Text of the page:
Austerity did not help Italy

Austerity did not help Italy

A ridiculously ferocious attack on Italy's mildly pro-growth fiscal policies in next year's budget are firing up market panic and an unedifying spectacle of chronically mismanaged intra-European relations. As EuObserver writes in an article "Austerity did not help Italy - maybe spending will?", deprived of an independent monetary policy and flexible exchange rate to manage demand and employment, Italy has slightly reversed its restrictive fiscal stance to provide some support to economic activity and prevent what clearly looks like a cyclical downturn in 2019 and 2020.

The country's economic growth is sluggish. Italian GDP is expected to grow 1.1 percent in 2018 and 1.2 percent in 2020 - almost twice as slow as the eurozone and five times slower than Poland. Apart from exports, all major demand components look weak. Household consumption - nearly two-thirds of GDP - is held back by high unemployment and no real income gains owing to stagnant real wages and the third-largest (after Greece and Spain) unemployment rate in the euro area.

10.7 percent of Italy's labour force is out of work and almost every third of youth. On top of that, there are 6.5 million Italians, more than a tenth of the population, living below the poverty line. Italy's government is in a standoff with the European Commission. Rather than reducing the public deficit, as the previous government had promised, the new government plans to increase it significantly, mostly to allow higher social spending.

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Because Italy's debt is high—over 130 percent of GDP—and its structural (cyclically adjusted) fiscal balance still in deficit, the proposed budget violates EU fiscal rules. But Italy is not the only one having a public debt over 60 percent of GDP, so does Belgium, Germany, Ireland, France, Cyprus, Austria, Portugal, Slovenia and Finland among others.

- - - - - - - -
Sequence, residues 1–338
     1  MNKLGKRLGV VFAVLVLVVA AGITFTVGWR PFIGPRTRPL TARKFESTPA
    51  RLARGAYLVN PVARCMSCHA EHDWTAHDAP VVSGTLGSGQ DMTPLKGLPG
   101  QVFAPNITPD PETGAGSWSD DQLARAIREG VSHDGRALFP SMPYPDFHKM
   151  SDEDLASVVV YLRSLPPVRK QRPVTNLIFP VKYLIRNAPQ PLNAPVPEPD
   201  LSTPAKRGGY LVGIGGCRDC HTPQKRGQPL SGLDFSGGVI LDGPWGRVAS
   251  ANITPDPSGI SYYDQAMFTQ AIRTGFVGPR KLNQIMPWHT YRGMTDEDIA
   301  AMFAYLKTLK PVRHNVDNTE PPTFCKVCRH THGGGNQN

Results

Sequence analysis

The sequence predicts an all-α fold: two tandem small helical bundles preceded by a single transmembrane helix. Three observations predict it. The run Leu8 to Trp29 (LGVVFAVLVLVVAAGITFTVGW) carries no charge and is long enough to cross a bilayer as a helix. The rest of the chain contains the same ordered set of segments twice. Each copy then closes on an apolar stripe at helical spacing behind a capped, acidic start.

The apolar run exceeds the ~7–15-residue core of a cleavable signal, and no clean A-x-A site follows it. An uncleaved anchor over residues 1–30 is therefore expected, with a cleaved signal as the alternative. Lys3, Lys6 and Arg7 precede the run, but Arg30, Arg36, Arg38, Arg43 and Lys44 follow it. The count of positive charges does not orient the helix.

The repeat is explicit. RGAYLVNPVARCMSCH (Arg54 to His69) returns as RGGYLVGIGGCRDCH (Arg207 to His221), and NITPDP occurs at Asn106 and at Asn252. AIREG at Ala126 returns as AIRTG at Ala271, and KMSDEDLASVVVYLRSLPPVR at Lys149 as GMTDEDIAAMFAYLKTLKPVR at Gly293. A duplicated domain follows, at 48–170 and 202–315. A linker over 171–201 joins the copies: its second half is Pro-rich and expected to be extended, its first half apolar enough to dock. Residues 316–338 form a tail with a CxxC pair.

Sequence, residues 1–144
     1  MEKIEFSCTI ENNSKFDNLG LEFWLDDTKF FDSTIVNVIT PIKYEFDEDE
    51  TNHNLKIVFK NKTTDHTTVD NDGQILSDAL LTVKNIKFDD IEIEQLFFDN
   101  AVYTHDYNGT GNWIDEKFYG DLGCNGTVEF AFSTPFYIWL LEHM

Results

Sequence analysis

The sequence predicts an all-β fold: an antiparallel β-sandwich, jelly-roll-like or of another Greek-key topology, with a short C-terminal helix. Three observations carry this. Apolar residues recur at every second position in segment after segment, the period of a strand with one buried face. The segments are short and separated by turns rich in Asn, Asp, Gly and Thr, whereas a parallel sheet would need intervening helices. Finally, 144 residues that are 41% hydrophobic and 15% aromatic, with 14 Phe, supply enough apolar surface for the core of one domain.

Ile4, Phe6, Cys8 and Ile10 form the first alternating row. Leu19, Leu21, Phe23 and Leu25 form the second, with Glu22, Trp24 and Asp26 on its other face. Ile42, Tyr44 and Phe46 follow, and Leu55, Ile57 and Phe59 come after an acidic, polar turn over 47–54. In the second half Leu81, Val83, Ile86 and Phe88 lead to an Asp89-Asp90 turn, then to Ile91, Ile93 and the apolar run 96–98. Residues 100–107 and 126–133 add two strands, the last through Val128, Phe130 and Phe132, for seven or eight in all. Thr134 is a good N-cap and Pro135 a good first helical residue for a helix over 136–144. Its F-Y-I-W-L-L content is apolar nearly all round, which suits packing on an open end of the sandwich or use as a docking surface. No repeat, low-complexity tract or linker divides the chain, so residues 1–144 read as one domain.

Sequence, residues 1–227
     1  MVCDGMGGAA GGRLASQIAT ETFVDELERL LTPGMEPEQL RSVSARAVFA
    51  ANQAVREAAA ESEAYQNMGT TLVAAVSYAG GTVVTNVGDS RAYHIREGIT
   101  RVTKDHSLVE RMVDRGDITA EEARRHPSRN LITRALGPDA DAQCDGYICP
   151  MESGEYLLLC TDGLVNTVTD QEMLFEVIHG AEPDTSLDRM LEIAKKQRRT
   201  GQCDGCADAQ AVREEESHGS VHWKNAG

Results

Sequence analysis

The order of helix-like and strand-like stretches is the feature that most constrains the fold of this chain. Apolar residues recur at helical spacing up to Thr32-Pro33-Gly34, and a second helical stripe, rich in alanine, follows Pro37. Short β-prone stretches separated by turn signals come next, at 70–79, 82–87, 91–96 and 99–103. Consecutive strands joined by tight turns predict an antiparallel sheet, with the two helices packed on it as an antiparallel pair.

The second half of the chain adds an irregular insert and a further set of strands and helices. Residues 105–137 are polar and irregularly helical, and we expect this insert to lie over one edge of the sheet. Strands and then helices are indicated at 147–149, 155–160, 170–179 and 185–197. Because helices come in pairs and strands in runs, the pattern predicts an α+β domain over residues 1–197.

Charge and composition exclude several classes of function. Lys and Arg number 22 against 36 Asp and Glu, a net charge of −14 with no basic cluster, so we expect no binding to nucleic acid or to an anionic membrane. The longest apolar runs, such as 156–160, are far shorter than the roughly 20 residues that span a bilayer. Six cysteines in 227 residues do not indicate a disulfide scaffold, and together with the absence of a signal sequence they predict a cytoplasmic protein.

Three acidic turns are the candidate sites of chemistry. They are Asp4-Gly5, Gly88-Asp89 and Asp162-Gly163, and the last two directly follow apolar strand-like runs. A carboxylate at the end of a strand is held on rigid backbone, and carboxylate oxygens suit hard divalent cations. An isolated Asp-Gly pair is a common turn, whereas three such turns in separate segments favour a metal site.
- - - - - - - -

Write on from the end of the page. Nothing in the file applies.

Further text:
The previous government was ousted out of office and so was their miracle plan of austerity, which did not work. Following two years of fiscal loosening, leading to a rise in the structural deficit of 1.3 percent GDP in 2018, the government programme envisaged a modest fiscal tightening in 2018, followed by further tightening on the order of 0.6 percent in 2019 and 0.5 percent in 2020.

This tightening would have reduced Italy's fiscal deficit to around zero by 2021 for the first time since 1926. Is such a fiscal goal worth the potential cost? The electorate did not think so and so might the economy. The current government is proposing a mix of lower taxes for self-employed and a basic income of €780 to all adults residing in Italy for the last five years as a "top up" for pensioners or the working poor and as a conditional benefit for the unemployed. They also want to free up the labour market and increase chances for early retirement and increase infrastructure spending.

Italy has experienced two lost decades in the eurozone, and, according to the EU commission, the proper way of dealing with its problems is more austerity. Even with the increased spending Italy is comfortably within the euro area budget rule. Its projected budget deficit of 2.4 percent of GDP for the next fiscal year is below the three-percent-deficit limit in the monetary union.

Why all the fuss?

So, why all the fuss? Why is it that nobody seems to be objecting to the fact that France and Spain will have larger deficits than Italy? You might not like their political views but let the Italian government implement some pro-growth reforms because austerity did not work in jumpstarting their economy. Now they are trying a different route to support their economic activity, boost consumption and employment. Both the EU and global markets need a new narrative, because demanding from Italy to continue the wrong lessons of the past will only produce lesser growth and more debt.

In the European debate, some voices supporting the Italian stance were heard, including from Polish prime minister Mateusz Morawiecki. It might be sensible for Italy to focus on fixing its tax system to improve the health of public finances and generate additional revenue for pro-business and pro-social reforms as it did Poland in the last three years. Polish economic results have been praised by many European and global rankings. Maybe this road is a way forward for Italy is to bridge the expectorations of its society with decreasing the loopholes in taxes as Poland did in the last few years. This a better recommendation than simple austerity.

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